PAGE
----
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Open Access research with a real impact on health...

The Strathprints institutional repository is a digital archive of University of Strathclyde's Open Access research outputs. Strathprints provides access to thousands of Open Access research papers by Strathclyde researchers, including by researchers from the Physical Activity for Health Group based within the School of Psychological Sciences & Health. Research here seeks to better understand how and why physical activity improves health, gain a better understanding of the amount, intensity, and type of physical activity needed for health benefits, and evaluate the effect of interventions to promote physical activity.

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Looking for performance : how innovation and strategy may affect market orientation models

Cambra-Fierro, Jesus J. and Hart, Susan and Mur, Ana Fuster and Redondo, Yolanda Polo (2011) Looking for performance : how innovation and strategy may affect market orientation models. Innovation: Management, Policy and Practice, 13 (2). 154 - 172. ISSN 1447-9338

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Abstract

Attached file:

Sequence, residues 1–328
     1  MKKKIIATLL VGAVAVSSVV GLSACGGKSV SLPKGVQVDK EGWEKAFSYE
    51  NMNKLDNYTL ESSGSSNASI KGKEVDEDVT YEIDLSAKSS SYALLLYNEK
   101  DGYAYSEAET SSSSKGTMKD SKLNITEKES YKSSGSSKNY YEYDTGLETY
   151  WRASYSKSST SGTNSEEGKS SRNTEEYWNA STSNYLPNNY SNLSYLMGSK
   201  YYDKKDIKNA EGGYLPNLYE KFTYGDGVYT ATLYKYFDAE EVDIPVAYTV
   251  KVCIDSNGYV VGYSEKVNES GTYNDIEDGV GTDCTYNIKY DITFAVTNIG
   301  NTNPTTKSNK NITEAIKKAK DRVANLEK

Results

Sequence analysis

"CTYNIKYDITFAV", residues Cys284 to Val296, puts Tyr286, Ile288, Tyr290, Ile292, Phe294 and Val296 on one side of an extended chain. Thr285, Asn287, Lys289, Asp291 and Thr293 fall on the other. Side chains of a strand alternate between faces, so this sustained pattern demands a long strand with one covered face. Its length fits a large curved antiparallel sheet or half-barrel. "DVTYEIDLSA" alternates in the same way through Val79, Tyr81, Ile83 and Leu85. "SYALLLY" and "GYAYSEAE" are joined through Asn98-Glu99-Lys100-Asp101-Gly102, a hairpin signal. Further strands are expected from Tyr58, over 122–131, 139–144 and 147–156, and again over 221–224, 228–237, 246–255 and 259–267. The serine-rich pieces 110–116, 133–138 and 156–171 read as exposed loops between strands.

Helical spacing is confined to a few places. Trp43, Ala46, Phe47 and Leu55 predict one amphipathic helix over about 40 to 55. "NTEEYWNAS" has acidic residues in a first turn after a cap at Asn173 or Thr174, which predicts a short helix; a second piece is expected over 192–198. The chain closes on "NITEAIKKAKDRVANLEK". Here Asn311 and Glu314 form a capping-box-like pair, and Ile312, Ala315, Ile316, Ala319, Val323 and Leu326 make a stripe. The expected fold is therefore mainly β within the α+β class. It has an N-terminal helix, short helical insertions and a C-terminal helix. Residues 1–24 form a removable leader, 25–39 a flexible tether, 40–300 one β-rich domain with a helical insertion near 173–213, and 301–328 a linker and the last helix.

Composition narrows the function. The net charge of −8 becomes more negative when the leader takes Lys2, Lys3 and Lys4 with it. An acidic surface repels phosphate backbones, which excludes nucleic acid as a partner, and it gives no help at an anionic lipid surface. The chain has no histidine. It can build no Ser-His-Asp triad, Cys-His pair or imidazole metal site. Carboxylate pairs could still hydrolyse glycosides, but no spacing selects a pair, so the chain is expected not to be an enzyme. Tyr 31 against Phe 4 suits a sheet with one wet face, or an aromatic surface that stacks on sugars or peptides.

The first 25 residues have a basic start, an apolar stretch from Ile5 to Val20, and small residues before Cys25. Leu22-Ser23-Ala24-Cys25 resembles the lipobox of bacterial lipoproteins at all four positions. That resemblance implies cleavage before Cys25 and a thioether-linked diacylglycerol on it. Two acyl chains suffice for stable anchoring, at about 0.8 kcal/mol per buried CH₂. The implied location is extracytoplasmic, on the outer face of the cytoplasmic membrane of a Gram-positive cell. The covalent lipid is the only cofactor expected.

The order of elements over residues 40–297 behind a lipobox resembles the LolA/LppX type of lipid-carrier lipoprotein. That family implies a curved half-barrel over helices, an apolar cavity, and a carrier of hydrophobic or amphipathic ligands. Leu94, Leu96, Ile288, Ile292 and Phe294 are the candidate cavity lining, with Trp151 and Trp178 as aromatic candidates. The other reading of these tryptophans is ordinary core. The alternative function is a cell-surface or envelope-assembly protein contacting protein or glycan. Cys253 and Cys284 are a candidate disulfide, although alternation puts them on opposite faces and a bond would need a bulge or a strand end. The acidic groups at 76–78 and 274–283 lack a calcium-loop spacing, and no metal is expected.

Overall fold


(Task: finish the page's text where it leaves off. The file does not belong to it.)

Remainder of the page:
Despite 20 years of research into various aspects of the 'market orientation' (MO) construct, doubt remains regarding the existence, nature and significancy of the relationship between MO and firm performance. To obtain more evidence some authors suggest including innovation in MO models. Debate continues to examine whether organizational strategy is an antecedent or a consequence of MO, whilst some argue that strategy moderates the MO-performance relationship. Furthermore, there are sectors of industry and geographies where the phenomenon has received very little investigation, even of an exploratory nature. This study aims to explore the MO-performance relationship and to value the effect of innovation in MO-performance models in a sector where MO was virtually unknown: the Spanish real estate industry. The magnitude of shifts taking place in this sector enhances its potential as a showcase for processes of anticipation and adaptation to the environment. This article also aims to shed some light on the question of whether strategy potentially moderates the MO-performance link. The principal implications of our findings are discussed.